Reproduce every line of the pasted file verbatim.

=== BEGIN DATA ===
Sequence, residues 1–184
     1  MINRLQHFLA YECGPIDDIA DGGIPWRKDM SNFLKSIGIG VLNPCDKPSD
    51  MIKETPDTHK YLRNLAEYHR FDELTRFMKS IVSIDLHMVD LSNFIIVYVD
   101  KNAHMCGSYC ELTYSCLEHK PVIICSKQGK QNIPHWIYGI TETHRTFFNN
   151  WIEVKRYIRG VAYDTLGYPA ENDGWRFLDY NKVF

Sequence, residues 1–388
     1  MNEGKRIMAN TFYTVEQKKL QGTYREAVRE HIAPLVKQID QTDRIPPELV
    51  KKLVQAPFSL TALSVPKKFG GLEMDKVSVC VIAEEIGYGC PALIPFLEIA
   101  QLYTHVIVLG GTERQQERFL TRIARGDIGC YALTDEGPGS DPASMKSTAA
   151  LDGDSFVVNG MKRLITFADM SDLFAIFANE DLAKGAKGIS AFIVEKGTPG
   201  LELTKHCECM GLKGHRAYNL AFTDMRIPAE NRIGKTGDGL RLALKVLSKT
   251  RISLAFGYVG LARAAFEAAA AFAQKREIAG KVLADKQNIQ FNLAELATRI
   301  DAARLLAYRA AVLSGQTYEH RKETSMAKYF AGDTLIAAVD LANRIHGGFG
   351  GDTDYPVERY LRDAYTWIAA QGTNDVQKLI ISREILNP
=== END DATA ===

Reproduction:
Sequence, residues 1–184
     1  MINRLQHFLA YECGPIDDIA DGGIPWRKDM SNFLKSIGIG VLNPCDKPSD
    51  MIKETPDTHK YLRNLAEYHR FDELTRFMKS IVSIDLHMVD LSNFIIVYVD
   101  KNAHMCGSYC ELTYSCLEHK PVIICSKQGK QNIPHWIYGI TETHRTFFNN
   151  WIEVKRYIRG VAYDTLGYPA ENDGWRFLDY NKVF

Sequence, residues 1–388
     1  MNEGKRIMAN TFYTVEQKKL QGTYREAVRE HIAPLVKQID QTDRIPPELV
    51  KKLVQAPFSL TALSVPKKFG GLEMDKVSVC VIAEEIGYGC PALIPFLEIA
   101  QLYTHVIVLG GTERQQERFL TRIARGDIGC YALTDEGPGS DPASMKSTAA
   151  LDGDSFVVNG MKRLITFADM SDLFAIFANE DLAKGAKGIS AFIVEKGTPG
   201  LELTKHCECM GLKGHRAYNL AFTDMRIPAE NRIGKTGDGL RLALKVLSKT
   251  RISLAFGYVG LARAAFEAAA AFAQKREIAG KVLADKQNIQ FNLAELATRI
   301  DAARLLAYRA AVLSGQTYEH RKETSMAKYF AGDTLIAAVD LANRIHGGFG
   351  GDTDYPVERY LRDAYTWIAA QGTNDVQKLI ISREILNP